For our very first chevruta session, we discussed Yael van der Wouden’s essay On (Not) Reading Anne Frank. It was a good place to start, especially since The Jewish Manifesto is located here in the Netherlands. It gave participants space to discuss their own experiences with The Diaries of Anne Frank, their Jewish identity, and the anti-Semitism they may have faced.
Yael van der Wouden’s essay is more about her experiences encountering anti-Semitism in the Netherlands than about not reading Anne Frank. The writer was born in Israel and moved to the Netherlands as a child. Here she writes of her earliest memories of her new country:
My memories of the move are vague. I recall moments, such as waking up in an airport hotel the day after our arrival, taking my sister onto the balcony, looking out over miles of grassland, and watching rabbits jump between tall weeds. Or seeing a swastika spray-painted on an old barn along the highway. My grandfather had come to pick us up from the airport hotel, and on the car ride north I spotted the ugly thing. I panicked and insisted we pull over and call the police, and my mom — really, bless her heart — tried to calm me and explain that, no, no one was going to call the police..
Yael van der Wouden About (not) reading Anne Frank (NL)
Together we read the essay and then broke up into pairs to discuss it. Our biggest conclusion? The rabbis were on to something with chevruta-style learning. The rich discussion that followed the reading was proof of that.
“If G’d chose us, he chose us for disaster.”
The theme of trauma and concealment ran like a thread through our first session. Many participants felt the need to hide their identity to protect themselves from the wider community. This was often something their parents had advised them to do. Some had their Jewish identity hidden from themselves until they were older, often discovering it by accident.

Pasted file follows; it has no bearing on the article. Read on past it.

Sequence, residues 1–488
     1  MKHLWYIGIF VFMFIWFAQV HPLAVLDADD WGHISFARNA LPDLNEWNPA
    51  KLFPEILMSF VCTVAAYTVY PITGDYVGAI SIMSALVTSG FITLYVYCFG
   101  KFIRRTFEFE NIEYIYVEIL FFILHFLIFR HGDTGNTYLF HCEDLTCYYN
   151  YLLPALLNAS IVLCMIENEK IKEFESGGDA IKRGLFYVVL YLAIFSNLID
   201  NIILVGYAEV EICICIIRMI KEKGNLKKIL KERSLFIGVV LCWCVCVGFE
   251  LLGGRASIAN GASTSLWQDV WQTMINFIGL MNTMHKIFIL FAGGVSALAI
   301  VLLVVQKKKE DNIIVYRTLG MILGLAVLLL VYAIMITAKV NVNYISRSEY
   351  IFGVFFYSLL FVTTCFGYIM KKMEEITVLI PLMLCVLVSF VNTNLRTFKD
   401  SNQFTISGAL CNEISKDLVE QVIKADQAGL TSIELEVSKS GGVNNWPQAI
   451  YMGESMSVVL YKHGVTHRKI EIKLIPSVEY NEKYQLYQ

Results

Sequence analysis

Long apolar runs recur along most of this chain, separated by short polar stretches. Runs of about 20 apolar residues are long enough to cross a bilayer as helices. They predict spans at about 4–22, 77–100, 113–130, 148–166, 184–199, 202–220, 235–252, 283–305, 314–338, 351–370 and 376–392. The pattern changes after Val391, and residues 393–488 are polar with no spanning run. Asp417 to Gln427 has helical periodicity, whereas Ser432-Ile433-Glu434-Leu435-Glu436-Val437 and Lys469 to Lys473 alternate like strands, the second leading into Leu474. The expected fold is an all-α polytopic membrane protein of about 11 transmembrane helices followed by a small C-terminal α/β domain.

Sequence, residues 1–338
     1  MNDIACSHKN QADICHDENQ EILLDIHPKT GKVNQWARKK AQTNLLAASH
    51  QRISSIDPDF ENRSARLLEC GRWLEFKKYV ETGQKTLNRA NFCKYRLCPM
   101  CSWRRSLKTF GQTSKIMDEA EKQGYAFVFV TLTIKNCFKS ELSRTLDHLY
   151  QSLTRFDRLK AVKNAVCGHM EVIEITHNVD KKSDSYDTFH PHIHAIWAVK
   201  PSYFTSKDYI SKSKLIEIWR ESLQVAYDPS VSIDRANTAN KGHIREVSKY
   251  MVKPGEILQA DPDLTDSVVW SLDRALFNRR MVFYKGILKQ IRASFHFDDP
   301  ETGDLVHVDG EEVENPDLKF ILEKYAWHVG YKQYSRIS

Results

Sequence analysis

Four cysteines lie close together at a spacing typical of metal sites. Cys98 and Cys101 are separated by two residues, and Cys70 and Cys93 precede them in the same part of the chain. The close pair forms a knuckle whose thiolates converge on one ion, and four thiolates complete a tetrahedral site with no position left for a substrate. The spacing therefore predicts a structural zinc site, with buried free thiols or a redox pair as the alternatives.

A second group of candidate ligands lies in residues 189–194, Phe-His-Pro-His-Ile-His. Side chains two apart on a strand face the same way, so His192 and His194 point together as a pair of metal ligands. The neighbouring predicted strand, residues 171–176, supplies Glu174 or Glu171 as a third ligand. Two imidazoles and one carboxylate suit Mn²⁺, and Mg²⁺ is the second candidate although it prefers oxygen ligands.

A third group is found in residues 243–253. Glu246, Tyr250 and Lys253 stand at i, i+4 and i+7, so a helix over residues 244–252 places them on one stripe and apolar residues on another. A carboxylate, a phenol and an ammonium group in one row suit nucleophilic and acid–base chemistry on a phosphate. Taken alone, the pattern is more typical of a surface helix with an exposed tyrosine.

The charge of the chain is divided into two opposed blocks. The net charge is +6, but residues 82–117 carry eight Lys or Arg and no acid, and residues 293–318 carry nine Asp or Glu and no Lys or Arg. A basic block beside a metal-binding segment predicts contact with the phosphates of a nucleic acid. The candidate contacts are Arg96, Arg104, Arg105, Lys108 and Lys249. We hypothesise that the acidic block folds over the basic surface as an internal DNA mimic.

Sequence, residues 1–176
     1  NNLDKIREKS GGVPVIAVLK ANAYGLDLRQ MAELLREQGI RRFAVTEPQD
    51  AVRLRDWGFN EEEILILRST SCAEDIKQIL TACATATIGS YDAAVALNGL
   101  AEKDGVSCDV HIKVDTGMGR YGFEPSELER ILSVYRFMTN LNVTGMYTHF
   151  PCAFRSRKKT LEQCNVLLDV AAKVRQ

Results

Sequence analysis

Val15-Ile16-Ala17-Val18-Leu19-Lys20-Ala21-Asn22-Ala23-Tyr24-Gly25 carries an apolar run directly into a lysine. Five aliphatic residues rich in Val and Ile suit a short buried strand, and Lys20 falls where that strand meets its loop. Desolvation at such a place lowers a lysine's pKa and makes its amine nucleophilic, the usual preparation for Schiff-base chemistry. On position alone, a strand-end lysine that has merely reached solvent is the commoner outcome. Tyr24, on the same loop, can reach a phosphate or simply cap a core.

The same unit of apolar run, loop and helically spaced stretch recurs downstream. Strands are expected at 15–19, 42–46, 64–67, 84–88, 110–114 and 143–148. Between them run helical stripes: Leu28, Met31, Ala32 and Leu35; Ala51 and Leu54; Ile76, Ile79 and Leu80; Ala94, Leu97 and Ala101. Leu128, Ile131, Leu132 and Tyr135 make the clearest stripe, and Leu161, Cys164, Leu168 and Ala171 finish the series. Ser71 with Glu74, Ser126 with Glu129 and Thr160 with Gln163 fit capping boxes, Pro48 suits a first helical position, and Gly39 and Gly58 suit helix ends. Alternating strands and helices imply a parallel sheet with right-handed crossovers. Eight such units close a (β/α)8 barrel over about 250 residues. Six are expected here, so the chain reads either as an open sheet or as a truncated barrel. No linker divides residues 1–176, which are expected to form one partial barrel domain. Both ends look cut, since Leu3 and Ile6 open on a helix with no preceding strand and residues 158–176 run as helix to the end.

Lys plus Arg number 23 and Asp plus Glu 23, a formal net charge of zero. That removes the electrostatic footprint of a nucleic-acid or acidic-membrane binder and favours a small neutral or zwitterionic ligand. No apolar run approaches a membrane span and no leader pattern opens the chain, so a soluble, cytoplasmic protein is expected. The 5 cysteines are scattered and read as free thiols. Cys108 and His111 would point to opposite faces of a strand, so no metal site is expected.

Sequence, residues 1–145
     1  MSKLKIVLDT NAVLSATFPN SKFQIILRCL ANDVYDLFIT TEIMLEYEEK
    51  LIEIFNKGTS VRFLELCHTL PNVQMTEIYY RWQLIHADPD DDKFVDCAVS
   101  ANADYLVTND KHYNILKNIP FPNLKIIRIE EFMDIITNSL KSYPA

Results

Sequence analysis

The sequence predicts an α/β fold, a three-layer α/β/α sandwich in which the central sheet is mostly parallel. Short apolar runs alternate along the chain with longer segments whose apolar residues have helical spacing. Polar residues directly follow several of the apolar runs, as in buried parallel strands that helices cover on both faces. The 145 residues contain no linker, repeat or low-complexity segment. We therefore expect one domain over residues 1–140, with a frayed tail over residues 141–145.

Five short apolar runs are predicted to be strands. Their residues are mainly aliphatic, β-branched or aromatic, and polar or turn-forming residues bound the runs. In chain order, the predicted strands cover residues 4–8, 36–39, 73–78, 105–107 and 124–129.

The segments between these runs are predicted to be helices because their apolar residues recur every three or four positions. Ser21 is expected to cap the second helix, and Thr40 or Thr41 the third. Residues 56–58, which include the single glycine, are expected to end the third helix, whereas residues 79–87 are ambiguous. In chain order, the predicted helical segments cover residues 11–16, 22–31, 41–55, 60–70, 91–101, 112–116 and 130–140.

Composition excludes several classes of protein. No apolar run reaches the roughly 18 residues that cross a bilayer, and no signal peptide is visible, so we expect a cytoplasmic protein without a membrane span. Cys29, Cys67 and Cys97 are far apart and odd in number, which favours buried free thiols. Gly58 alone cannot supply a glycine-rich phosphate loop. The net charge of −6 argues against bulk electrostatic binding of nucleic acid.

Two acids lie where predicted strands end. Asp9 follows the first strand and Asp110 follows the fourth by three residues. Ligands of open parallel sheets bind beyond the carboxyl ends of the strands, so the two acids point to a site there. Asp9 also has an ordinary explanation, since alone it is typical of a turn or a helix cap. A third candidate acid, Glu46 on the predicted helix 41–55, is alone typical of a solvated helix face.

Many were uncomfortable and, at worst, frightened to express their Jewishness in public. Still scarred by the aftermath of the Shoah, their parents and grandparents did not feel at ease being Jewish in public and neither did the participants.
“My mother taught me things like: You don’t tell people that you are Jewish, you don’t talk about it unless you are sure the other person is Jewish.”
“Judaism is Hotel California. You can check out whenever you want, but you can never leave.”
One participant summed up the Jewish experience using the most universal of all the lyrics: Hotel California by The Eagles.
And while people all over the world listen to Hotel California, being Jewish is not so universal. In that sense, being Jewish is like trying to understand the meaning of the lyrics….
“Relax,” said the night man
“We are programmed to receive
You can check-out any time you like
But you can never leave!”
Each of our participants had a specific way of understanding themselves as Jews. These understandings could be very different in character and expression for each person. What we all agreed on was that there is a multitude of Jewish expression available to us.
Being Jewish and feeling Jewish is a process of becoming that manifests itself in very different ways. It is not easy to describe. It is messy, complex, and category-denying.
Try this at home
Unlike tightrope walking over the Grand Canyon, you can discuss the essay at home with friends! We even provide links in English and Dutch, plus a few helpful questions to get the discussion started.
Essay by Yael van der Wouden:
Het (niet) lezen van Anne Frank – De Gids (NL)
On (not) reading Anne Frank – The Sun (EN)
Questions to keep in mind
- What does it mean to be reminded of your Jewishness? And how has that directly affected you?
- Pause for a moment when you come to the sentence “What a single swastika can do.” Take a breath. Discuss whether you and your partner are willing to discuss this further or not.
- Pause again when you reach the end of the section that begins with: “The second time someone said I looked like Anne Frank, nothing about it felt like a compliment.” The section ends with “It’s not like you can help being Jewish.”
- How does it feel to see/read this?
- What does it mean to be the only Jewish person in a group?
- In general, what does it mean to be Jewish in the Netherlands?
- If you were not born in the Netherlands, has your identity changed? Has your experience of being Jewish changed?
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